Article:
Mel Goodchild's attempts to distance herself from the "nanny" tag fail.

The Hawke's Bay's Eastern women's squash team's No 4 can't avoid it. At 40 she is the "nanny" of the team which will play in Squash New Zealand's premier teams event, the senior nationals, at the Hawke's Bay and Hawke's Bay Lawn clubs on Friday and Saturday.

The tag is also a tribute to her classy organisational skills and the tremendous job she has done in recent years looking after the talented juniors who have been in her teams. Two of those juniors, A2 graders Rhiarne Taiapa and Winona-Jo Joyce, will have the respective No 1 and No 2 roles this weekend.

"They are fine-tuned now. They have both been there and done that in recent times and boast maturity beyond their years. I can pretty well focus on my own game now," Goodchild said before another of her daily training sessions at her Hawke's Bay Lawn club last night.

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It will be the first time in almost a decade Eastern have entered both men's and women's teams and they are seeded sixth and eighth respectively. Both divisions have eight teams.

"We are the eighth seeds but we are capable of upsetting a few of these teams. Playing on our home courts can make a big difference," B1 grader Goodchild said.

"Rhiarne played at the junior world champs in Tauranga last month and Winona-Jo has won several inter-island age group titles this season."

Another huge plus in the Eastern team's favour is the fact five of the six-strong squad, Taiapa, Joyce, Tania Tatana-Walker, Goodchild and Graham, played together in the Hastings team which won the national B grade teams title at the Hawke's Bay club last year.

"We're all well connected. We know how we play as a team because we have been together for so long. We know each other's games and we know how to build each other up," Goodchild said.

"That wasn't the case at the B grade nationals in 2015 when we lost our semifinal by one point. Since then we have worked on our fitness and developed that hunger to win.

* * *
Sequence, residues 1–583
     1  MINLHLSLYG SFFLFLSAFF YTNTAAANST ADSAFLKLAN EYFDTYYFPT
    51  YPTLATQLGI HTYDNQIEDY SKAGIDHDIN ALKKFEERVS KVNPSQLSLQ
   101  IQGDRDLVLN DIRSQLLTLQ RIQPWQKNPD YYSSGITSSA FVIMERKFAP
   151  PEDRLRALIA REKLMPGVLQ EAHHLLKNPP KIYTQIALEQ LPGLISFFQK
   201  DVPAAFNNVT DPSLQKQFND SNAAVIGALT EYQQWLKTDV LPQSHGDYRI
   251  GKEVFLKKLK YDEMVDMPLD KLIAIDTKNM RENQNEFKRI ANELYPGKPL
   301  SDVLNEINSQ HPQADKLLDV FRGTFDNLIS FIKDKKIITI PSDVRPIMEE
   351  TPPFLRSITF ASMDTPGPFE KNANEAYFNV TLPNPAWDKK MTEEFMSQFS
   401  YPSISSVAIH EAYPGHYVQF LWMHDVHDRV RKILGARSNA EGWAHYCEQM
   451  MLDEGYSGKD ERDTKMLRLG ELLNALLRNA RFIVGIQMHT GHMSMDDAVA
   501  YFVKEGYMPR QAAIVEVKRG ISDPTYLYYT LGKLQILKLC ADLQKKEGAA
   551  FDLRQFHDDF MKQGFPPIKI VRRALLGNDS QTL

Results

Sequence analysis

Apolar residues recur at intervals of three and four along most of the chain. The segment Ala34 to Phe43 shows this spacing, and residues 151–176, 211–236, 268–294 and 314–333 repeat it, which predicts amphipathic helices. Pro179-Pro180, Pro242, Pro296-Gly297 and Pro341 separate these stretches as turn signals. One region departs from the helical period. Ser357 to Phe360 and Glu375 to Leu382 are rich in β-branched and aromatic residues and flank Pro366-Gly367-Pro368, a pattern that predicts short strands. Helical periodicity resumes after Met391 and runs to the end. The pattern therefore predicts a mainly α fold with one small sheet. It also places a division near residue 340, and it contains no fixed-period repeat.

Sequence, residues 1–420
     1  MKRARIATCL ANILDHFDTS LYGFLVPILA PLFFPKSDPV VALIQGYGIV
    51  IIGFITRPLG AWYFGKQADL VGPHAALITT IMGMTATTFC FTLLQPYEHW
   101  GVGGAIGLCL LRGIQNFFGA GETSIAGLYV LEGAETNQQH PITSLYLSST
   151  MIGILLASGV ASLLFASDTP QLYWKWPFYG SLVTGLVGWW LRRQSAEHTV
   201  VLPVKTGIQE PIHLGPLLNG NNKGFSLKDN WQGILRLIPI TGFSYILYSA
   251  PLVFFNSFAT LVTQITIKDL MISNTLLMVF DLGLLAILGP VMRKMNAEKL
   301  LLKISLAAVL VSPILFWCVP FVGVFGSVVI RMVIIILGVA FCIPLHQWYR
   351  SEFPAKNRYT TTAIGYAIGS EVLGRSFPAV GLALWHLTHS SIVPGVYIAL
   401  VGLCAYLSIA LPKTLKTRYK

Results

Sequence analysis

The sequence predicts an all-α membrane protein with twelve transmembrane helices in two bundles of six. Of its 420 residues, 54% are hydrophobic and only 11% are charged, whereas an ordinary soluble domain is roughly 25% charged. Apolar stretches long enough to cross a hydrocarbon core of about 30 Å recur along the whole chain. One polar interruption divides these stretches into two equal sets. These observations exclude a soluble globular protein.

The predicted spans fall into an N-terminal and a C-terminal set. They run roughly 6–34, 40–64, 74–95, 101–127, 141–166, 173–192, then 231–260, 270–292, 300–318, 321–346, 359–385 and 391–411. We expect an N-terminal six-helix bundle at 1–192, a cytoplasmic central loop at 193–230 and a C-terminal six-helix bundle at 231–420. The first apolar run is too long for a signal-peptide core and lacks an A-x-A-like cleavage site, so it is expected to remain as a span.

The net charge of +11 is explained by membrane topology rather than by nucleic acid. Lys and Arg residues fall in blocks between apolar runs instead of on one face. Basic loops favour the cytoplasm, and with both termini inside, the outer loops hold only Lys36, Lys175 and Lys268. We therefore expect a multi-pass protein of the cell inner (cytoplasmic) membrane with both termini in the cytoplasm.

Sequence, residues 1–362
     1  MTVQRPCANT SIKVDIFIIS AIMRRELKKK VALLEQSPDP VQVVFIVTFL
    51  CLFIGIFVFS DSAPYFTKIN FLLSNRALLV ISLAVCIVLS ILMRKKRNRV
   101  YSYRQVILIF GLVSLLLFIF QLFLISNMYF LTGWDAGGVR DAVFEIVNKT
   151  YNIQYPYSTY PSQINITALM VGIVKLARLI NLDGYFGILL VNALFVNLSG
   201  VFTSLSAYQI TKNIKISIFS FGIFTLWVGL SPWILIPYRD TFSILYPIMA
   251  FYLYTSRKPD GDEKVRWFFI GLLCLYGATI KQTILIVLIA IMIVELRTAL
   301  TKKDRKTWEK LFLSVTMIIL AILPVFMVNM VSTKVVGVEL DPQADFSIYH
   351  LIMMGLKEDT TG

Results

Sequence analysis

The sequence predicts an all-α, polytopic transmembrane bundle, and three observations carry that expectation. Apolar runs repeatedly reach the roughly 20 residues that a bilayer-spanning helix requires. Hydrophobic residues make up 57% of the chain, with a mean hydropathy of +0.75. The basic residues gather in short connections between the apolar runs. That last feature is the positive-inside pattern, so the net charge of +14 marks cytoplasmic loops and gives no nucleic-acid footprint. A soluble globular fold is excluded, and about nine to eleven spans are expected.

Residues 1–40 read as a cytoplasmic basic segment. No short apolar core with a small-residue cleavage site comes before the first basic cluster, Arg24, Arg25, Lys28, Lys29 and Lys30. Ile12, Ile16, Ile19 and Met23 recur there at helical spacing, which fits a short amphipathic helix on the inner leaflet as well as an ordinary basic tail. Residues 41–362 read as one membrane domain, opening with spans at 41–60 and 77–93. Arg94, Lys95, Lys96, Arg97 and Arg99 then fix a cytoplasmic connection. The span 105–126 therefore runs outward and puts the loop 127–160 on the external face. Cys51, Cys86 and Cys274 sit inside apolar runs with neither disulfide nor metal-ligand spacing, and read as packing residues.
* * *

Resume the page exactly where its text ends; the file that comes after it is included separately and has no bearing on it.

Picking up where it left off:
"We don't want to be playing off for seventh and eighth, we want to be playing for fifth and sixth."

A senior administrator for G & H Training Ltd, Goodchild has been playing squash for 16 years. In April she finished among the top six in her 40-45 age group at the World Masters Games in Auckland.

"I set myself a goal of A grade status for this year and I'm still working at it."

If she doesn't tick off that goal this weekend she could do it during the Eastern team's challenge against Central later this month or during the New Zealand Masters Champs at the Kawaroa Park club in New Plymouth next month.

"I've got to thank my hubby, Geoff, for all the coaching he has given me. He is really passionate and coaches every day," Goodchild said.

She pointed out with the number of talented juniors in the Bay, including her clubmates Jess Dean and Ally and Sam Harding who recently gained New Zealand Secondary Schools team selection, there's no reason why the Eastern team can't remain among the elite level sides in the country.

"It's good for squash to have so many juniors playing at a nice high level. It's exciting times for the code in the Bay."

Bay of Plenty and Auckland are seeded one and two respectively in the women's draw and it will be a surprise if these two teams don't contest Saturday's final. Wellington and Auckland are the top two seeds in the men's draw and both should gain final berths.

Hawke's Bay A1 grader Cameron Jamieson will spearhead the Eastern men's assault on the tournament. His team has been boosted by the availability of Auckland-based Hawke's Bay age group products, the A2-graded former New Zealand junior rep Bryce Redman and the B1-graded Ryan Cross.

The Eastern teams are:
Women: Rhiarne Taiapa, Winona-Jo Joyce, Tania Tatana-Walker, Mel Goodchild, Puti Ferguson, Kate Graham.
Men: Cameron Jamieson, Joseph Watts, Bryce Redman, Jordan Le Comte, William Hirst, Ryan Cross.